Williams: I refuse to quiff
DISCLAIMER: With the exception of one haircut name that I made up, all the following hair styles are real. So there!
I like to keep things in my life simple. When I go to the barbershop here in Chino Valley, I (almost) always ask for the same type of haircut. One reason I stick with one tried and true do is that I no longer qualify for the styles that involve combing, waving, styling, teasing or blow-drying. It’s a genetic and old-age thing. In recent years I’ve shuffled past the “receding” category of hair ownership. I’m now a full-vested member in the “recollection” category of once owning hair.
So, when I enter Birdie’s Salon de Wisps-on-the-Floor, I ask Dana to trim any stray follicles that haven’t yet swirled down the shower drain. While our in-the-chair conversations are normally robust, animated journeys into the absurd spiced only occasionally with reality, we don’t discuss the hair coloring and styling options that are available to her other customers. And for that I’m grateful.
I don’t have to make a decision whether I want a taper fade, low fade, high fade, mid fade, temple fade, bald/skin fade or an Afro-fade cut. My choices have literally already faded. The fade, I’ve learned, is going from almost no hair to some hair on the sides.
I don’t have to select an undercut-comb-over pomp, a messy textured-top undercut fade, or one of the thirty-seven types of pompadour coifs. A pompadour style leaves a glop of hair on the top with closely trimmed sides.
All this leads inexorably to the quaff, which is similar to a pompadour, but instead of combing the top glop of hair backward, the quiff cleverly cascades the hair forward toward the forehead. Some sort of side fade is usually incorporated with this style. Quiff category selections include the textured modern or spiky variations. I think Dana has a poster on her wall that says “If you don’t quiff it, you’re not with it.” Once again, I guess I’m left out of the main stream of modern thought.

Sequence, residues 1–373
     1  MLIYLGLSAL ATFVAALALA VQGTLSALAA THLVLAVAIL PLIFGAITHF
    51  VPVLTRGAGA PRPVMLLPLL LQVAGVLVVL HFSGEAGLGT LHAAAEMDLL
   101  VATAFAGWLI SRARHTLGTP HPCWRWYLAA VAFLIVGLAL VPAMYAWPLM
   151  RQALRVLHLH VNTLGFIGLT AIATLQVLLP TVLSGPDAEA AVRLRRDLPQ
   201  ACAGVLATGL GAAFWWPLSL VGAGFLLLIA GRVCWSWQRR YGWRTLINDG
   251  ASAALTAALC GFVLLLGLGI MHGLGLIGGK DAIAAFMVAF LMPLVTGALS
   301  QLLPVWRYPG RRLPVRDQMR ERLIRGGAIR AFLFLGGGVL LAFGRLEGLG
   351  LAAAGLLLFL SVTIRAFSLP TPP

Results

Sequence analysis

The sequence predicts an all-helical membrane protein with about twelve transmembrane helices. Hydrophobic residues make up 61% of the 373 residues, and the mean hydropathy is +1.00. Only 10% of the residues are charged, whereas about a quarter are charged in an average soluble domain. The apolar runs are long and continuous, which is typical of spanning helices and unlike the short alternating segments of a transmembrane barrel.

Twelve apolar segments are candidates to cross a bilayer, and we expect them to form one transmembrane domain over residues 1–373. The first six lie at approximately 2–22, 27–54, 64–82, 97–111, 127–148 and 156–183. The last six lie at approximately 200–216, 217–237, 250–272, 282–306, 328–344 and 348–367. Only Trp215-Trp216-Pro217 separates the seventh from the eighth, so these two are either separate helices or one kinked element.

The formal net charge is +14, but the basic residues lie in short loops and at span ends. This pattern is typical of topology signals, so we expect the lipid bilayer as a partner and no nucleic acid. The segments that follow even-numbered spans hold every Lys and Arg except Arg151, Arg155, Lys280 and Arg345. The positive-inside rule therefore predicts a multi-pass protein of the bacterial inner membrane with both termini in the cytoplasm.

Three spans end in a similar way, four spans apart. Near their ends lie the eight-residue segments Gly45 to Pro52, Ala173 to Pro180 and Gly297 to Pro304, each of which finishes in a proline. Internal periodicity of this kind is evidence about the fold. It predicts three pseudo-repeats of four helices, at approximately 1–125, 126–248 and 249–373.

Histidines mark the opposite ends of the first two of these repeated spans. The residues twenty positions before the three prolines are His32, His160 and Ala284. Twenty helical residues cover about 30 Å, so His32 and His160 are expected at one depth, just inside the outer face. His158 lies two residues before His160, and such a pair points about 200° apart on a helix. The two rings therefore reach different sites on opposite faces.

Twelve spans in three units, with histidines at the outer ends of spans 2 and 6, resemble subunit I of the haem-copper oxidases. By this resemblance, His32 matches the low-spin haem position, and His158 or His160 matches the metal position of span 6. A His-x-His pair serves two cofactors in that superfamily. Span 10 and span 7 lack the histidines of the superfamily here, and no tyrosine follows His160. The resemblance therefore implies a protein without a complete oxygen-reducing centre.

If you think the foregoing are all of your options, you are radically wrong, Ralph. Those among us who are adventurous might prefer the faux-hawk, the fringe, the side part, the spiky, the top knot or the man bun styles. Personally, the only bun I want in my life is one that comes with butter.
Let’s develop some context here. Life in the 1800s was more challenging than it is today. One had to deal with the elements, rattlesnakes, health challenges and armed varmints of the two-legged variety. On the other hand, Joe who farmed twenty acres just outside of town, didn’t have to worry whether his disconnected fade cut would make the right impression at the feed store. We’re more sophisticated today than we were 150 years ago. But the subtleties of modern sophistication can frustrate one’s peace of mind – and one’s grooming decisions. Historically, haircuts were important to keep the hair out of our eyes. Today, we have to match our haircuts to our personalities, to our moods and to our sense of self, whatever the hell that is.
Should we choose the Caesar, the modern classic side cut, the flat top, the burr cut fade, the French cut fade, the texture cut, the short blunt crop, the pointed drop fade, the mid bald fade, the swept-up fade taper or the superimposed, striated stretch stubble cut?
As if men’s hair cuttery isn’t already overly complicated, I just found out there are some forty military types of mane management. God help us all. To comment on this column, email email@example.com.